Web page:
# How Create Fishnet works

Create Fishnet creates a feature class containing a net of rectangular cells. Creating a fishnet requires three basic pieces of information: the spatial extent of the fishnet, the number of rows and columns, and the angle of rotation. There are a variety of ways to specify this basic information. For example, you might not know the exact number of rows and columns, but you do know that each rectangular cell must be exactly 110 meters by 63 meters and must cover the spatial extent of another feature class.

The tool has 11 parameters, and you should think of these in four distinct groups:

- The spatial extent of fishnet
- The number of rows and columns and height and width of each cell in the fishnet
- The angle of rotation for the fishnet
- Parameters that define the output feature class name and type (polygons or lines) and an optional point dataset containing centroids of each cell

The order of the parameters in the tool dialog box is different than the order of the parameters in the scripting syntax.

## Methods for setting spatial extent

You can set the extent of the fishnet using any of the following methods:

- Enter an existing dataset in the Template Extent parameter. The extent of this dataset will be used as the extent of the fishnet.
- Instead of entering an existing dataset in the Template Extent parameter, supply both the minimum and maximum x- and y-coordinates.
- Enter an origin and opposite corner of the fishnet using the Fishnet Origin Coordinate and Opposite corner of Fishnet parameters.
- Enter an origin, cell size, and number of rows and columns in the Fishnet Origin Coordinate, Cell Size Width, Cell Size Height, Number of Rows, and Number of Columns parameters, respectively.

## Setting number of rows and columns

If you have set the extent of the fishnet using one of the first three methods described above, you will need to set the number of rows and columns. There are four methods to specify the number of rows and columns:

- Define the cell width and height with the Cell Size Width and Cell Size Height parameters and set the Number of Rows and Number of Columns parameters to 0. When the tool executes, it calculates the number of rows and columns needed to cover the extent of the fishnet.
- Define the cell width and height as above, but additionally enter the number of rows and columns.
- Define the number of rows and columns by setting the Number of Rows and Number of Columns parameters, and set the Cell Size Width and Cell Size Height parameters to 0. When the tool executes, it calculates the cell size width and height based on the number of rows and columns and the value of the Opposite corner of Fishnet parameter.
- Define the number of rows and columns as above, but additionally enter a cell size and width. When using this method, the Opposite corner of Fishnet parameter is ignored (in the tool dialog box, the parameter is unavailable). The opposite corner is calculated when the tool runs.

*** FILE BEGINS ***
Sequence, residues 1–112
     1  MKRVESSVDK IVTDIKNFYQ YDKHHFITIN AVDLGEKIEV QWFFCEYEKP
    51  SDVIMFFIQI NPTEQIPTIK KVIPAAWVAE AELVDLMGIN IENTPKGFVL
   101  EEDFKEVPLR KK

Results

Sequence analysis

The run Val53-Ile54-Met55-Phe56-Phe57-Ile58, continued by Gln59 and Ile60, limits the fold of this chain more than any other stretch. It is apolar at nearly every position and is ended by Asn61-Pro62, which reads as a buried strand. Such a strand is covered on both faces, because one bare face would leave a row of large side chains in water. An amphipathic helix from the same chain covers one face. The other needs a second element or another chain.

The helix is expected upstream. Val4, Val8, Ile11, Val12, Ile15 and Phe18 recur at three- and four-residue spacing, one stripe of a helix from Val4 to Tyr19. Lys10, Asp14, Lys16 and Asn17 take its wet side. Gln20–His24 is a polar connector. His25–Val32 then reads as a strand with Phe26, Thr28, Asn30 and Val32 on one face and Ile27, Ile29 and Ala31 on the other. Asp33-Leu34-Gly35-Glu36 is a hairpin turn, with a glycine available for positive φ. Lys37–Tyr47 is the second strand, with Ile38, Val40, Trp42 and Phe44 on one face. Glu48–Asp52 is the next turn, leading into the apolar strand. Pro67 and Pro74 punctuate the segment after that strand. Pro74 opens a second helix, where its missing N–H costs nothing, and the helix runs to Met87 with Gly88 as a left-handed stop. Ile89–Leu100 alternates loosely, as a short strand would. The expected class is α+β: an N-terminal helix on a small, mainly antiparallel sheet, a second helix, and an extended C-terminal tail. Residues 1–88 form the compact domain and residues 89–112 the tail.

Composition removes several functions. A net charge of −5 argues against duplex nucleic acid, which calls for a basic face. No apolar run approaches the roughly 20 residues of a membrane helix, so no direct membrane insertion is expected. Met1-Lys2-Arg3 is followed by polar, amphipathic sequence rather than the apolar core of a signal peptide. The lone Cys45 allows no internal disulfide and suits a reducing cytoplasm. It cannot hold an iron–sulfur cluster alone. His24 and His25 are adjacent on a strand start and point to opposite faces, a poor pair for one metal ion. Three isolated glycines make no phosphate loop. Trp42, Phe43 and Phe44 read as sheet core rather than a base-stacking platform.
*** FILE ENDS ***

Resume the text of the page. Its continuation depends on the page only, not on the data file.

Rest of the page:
## Angle of rotation

To create a rotated fishnet, you define the angle of rotation not by specifying an angle but by specifying two endpoints of a line that will be used to calculate the angle. The angle of rotation is the angle between vertical and the line you define. The two endpoints are the fishnet origin coordinate and the y-axis coordinate, as illustrated below.

If you do not need to rotate the fishnet, set Y-Axis Coordinate to the minimum x-coordinate and a positive value on the vertical axis.

The following example shows a rotated fishnet constructed with the following parameter values:

- Fishnet Origin Coordinate = (0,0)
- Opposite corner of Fishnet = (8,- 6)
- Number of Rows = 3
- Number of Columns = 4
- Y-Axis Coordinate = (6.9,4)

When Create Fishnet is executed, it first constructs a nonrotated fishnet as illustrated below.

The next step is to compute the angle of rotation using values specified for Fishnet Origin Coordinate and Y-Axis Coordinate. In this example, the angle computes to 60 degrees.

The next step is to rotate the fishnet 60 degrees clockwise around the origin to obtain the final fishnet.

### Calculating a value for the y-axis coordinate

If you know the angle of rotation, you can compute a value for the Y-Axis Coordinate parameter as follows:

Assume the fishnet is to be rotated 60 degrees clockwise. From the origin of fishnet, draw a line such that it makes an angle of 60 degrees clockwise from the vertical axis (as shown in the diagram below). Any point on this line can be used as the value for the Y-Axis Coordinate parameter. Use a convenient value for the y-coordinate and calculate the x-coordinate from the relation (assuming the origin is at 0,0):

Tangent of angle = x-coordinate / y-coordinate

For example, the angle is 60 degrees. Assuming the y-coordinate to be 10, then

x-coordinate = tan(60) * 10 = 1.732 * 10 = 17.32

The y-axis coordinate point is (17.32,10).

## Output feature class

You can choose to create a line or polygon feature class. If you intend to overlay the fishnet with an existing dataset using tools in the Overlay toolset, choose POLYGON for the Geometry Type parameter. If you want a fishnet for display purposes, choose POLYLINE for the Geometry Type parameter. If you have a large number of cells, creating a fishnet with polygon geometry will be much slower than creating it with line geometry.

You can also create a point feature class by checking the Create Label Points parameter. The points will be located at the center of each cell. If you just want point output and nothing else, choose POLYLINE for the Geometry Type parameter (because it is the fastest way to construct a fishnet) and check the Create Label Points parameter. After the tool has finished, delete the output line feature class.